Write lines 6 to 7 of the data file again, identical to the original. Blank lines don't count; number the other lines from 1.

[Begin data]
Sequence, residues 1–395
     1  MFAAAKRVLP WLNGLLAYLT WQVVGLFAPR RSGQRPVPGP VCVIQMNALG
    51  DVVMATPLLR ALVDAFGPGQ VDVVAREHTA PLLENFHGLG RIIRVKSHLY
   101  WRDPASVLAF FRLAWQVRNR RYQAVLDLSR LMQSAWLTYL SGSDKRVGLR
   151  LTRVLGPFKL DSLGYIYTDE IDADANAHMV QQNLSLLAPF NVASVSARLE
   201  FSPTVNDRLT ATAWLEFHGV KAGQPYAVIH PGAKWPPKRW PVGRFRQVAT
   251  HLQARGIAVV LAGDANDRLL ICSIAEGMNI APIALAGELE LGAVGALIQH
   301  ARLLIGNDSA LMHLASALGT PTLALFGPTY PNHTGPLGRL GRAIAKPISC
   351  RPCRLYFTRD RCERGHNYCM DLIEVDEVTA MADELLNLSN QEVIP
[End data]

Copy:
   201  FSPTVNDRLT ATAWLEFHGV KAGQPYAVIH PGAKWPPKRW PVGRFRQVAT
   251  HLQARGIAVV LAGDANDRLL ICSIAEGMNI APIALAGELE LGAVGALIQH